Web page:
Grapejuice or Limejuice? New ELT student prices

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Well, another year’s gone by and we’re back to registration, enrolment and hopeful financial solubility. By now, you will know whether you’ve succeeded. But, certainly in my area, there is a fly in the ointment.

As happens every few years, a new company has raised its head and jumped onto the scene, offering everything student and parents could desire at prices that are lower than a souvlaki.

In short, a new miracle in language learning that its implementers hope will soak up students - and remove all opposition in the area - through fees that seem (to me, at least) economically untenable.

And, to make sure all local residents were aware, the new school had somehow obtained all the phone numbers of families living in the area, and were bombarding them with enticing prices and offering to undercut all offers they had received from competitors.

The sound of the name reminded me of a drink - grapejuice. And, as you all know, I am very fond of limejuice and always check out any opposition to my favourite tipple 

When I first heard of the prices offered for English lessons, from my clients, I blinked. How on earth could they pay for their rent (on a main commercial street) and qualified teachers at such prices?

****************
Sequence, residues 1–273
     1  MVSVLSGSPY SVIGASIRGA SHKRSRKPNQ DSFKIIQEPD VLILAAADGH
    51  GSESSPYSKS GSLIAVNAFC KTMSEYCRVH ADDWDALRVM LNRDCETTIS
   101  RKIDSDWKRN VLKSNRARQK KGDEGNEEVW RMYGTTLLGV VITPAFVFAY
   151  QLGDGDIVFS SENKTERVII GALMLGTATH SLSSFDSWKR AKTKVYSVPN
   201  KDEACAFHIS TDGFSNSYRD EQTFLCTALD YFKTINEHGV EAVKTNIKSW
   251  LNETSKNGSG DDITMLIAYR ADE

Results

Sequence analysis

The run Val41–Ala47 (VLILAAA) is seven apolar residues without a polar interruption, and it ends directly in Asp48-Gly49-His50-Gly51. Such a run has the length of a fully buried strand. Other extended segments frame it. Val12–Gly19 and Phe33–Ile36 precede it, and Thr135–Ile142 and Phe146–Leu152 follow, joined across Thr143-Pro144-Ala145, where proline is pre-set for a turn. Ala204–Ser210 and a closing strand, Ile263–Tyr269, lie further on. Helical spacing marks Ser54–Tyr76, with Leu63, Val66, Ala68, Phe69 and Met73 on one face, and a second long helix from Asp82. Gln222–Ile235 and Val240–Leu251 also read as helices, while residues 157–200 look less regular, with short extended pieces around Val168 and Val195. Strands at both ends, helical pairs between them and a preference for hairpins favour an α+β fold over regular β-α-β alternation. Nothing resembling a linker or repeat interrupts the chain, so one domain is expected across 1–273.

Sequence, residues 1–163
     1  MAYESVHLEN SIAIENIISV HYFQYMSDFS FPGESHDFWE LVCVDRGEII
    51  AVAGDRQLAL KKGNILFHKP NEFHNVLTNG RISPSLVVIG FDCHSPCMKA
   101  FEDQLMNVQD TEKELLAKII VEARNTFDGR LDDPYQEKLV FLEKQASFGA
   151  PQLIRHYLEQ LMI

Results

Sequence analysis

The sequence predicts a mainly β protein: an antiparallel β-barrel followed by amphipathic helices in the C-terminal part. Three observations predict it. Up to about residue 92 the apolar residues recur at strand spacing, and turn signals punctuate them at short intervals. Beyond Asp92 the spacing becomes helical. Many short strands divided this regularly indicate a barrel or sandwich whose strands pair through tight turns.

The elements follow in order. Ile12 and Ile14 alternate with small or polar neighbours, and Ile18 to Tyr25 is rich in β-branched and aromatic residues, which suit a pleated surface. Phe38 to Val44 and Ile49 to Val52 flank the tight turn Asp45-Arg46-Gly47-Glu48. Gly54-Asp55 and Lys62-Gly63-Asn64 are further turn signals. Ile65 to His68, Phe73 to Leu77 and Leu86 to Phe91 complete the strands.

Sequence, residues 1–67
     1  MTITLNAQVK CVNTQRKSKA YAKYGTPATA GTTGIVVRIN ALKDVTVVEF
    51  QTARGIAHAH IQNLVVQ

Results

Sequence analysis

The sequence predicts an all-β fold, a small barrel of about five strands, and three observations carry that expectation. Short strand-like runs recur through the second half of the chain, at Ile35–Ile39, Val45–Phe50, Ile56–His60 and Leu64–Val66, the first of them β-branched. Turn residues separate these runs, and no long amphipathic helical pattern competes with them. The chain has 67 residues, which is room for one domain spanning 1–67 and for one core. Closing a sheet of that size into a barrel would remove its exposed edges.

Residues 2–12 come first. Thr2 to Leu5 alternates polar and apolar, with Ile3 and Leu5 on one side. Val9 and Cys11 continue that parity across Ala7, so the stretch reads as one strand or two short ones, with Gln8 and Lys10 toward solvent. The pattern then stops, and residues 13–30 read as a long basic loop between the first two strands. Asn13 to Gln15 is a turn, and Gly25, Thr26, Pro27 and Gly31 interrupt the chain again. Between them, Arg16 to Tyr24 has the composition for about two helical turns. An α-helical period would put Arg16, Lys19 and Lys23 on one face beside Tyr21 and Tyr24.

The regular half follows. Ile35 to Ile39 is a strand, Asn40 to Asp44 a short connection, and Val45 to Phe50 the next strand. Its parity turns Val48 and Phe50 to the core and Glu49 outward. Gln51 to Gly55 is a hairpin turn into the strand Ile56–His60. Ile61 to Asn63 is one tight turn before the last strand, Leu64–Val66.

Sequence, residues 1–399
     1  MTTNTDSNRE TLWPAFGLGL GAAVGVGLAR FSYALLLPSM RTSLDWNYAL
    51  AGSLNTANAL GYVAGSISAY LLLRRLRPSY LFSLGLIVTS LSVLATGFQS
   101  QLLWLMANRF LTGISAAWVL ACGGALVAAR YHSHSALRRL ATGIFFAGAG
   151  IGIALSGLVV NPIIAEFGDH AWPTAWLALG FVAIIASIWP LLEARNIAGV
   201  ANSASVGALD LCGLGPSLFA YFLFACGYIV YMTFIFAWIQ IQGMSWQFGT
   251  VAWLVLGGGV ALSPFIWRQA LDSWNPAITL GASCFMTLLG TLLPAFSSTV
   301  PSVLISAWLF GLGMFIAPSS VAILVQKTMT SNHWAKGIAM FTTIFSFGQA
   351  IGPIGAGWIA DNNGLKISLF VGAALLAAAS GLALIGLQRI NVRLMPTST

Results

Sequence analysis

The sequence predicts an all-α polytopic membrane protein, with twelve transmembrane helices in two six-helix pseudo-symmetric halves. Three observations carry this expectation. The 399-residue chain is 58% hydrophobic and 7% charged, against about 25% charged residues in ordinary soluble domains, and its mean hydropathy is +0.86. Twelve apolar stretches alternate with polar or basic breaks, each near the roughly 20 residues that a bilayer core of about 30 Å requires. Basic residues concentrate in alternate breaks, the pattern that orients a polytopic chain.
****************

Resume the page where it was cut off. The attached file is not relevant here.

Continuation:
It reminded me of the time, about 14-15 years ago, when a couple of schools, who were useless at making budget plans, offered really cut price lessons with extra languages thrown in free.

They attracted lots of students and sailed into business, all trumpets blaring.

Alas, they failed to collect enough to cover their overheads and, even though their teaching costs were minimal, by asking first time teachers to teach free (as it looked good on their CVs), they folded and closed in March the following year, leaving a lot of unhappy parents, students and teachers sitting on the doorstep.

Those of my Junior classes who had left, returned to me, their tails between their legs and kids a year behind in their learning. It was an unhappy time for many, but so stupid. Can you imagine any school that has no idea how to plan a budget?

Still, I suppose this new school has managed to set itself up properly, though - with the new regulations as to operation - we are all in a mess of uncertainty.

Even now, some existing schools still haven’t received their licences, while totally new establishments must have a lot more paperwork and expense involved with surveyors, fire department regulations and restricted student place in classrooms to be implemented, to say nothing of the rest of the regulations.

I wonder if they are PALSO members, yet, and whether they’ve ever suffered the problems the rest of us have faced, recently, running schools.

I also wonder what sort of teacher salaries they are offering. Is it 3.7euro per hour?

Well, I just hope these people have done their homework and aren’t going to repeat the fiasco we had in the late 1990s!


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